At the very least, patients can expect to improve their overall health and quality of life by engaging in a comprehensive lifestyle medicine plan to address risk factors for cognitive decline. While conventional drug therapies for Alzheimer’s disease can cause unpleasant side effects like diarrhea, nightmares, urinary incontinence, and sedation, a Functional Medicine approach typically has mostly positive effects including better sleep, energy, relaxation, peace, and joy!

When can I expect to feel better?

The benefits from the treatment can vary from one patient to another. Some patients may notice improvements within two weeks while others don’t notice improvements until nine months or beyond. With that said, in my experience, patients or family members/caretakers often become aware of improvements around the completion of the third month of the program.

The first sign of improvement is typically the slowing of decline. This can be subtle and is usually followed by the absence of further decline. Additionally, many patients experience mild improvements that progress over time to major improvements. These may initially be noticed by the patient or only by family, friends, or co-workers.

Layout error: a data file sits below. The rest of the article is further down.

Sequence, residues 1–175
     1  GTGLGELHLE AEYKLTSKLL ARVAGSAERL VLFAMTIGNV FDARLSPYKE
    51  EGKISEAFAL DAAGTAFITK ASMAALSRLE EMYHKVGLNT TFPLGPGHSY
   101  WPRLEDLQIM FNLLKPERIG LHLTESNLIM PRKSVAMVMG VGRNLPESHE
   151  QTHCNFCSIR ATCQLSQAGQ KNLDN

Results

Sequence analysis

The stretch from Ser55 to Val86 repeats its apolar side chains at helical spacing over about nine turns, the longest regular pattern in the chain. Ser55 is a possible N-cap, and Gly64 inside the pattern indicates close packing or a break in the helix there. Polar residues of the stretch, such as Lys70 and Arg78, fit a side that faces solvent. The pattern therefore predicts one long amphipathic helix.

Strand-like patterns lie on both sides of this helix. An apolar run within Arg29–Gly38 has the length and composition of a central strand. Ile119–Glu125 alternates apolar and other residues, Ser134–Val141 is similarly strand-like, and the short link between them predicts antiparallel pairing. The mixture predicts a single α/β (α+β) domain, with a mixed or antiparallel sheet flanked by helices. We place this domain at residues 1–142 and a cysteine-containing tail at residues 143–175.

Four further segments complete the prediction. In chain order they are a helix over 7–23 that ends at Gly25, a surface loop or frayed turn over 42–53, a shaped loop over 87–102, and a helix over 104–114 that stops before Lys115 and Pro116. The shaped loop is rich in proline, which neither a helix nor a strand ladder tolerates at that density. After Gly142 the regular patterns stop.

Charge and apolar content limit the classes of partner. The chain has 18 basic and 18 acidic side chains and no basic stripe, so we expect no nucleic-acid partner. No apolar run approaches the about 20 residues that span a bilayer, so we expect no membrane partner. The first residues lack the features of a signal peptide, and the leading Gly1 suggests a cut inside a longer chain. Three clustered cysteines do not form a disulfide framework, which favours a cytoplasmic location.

For optimal results, follow the program as closely as possible and continue the protocol throughout life. Keep in mind, as with any medical treatment program, results cannot be guaranteed.

Final Thoughts

If you or a loved one are showing signs of cognitive decline, know that it is possible to protect memory and brain function and improve symptoms. With functional medicine, we have plenty of tools that can help you identify the possible causes for the cognitive decline and provide you with the treatment options you need.

Dr. Cynthia Libert, MD, IFMCP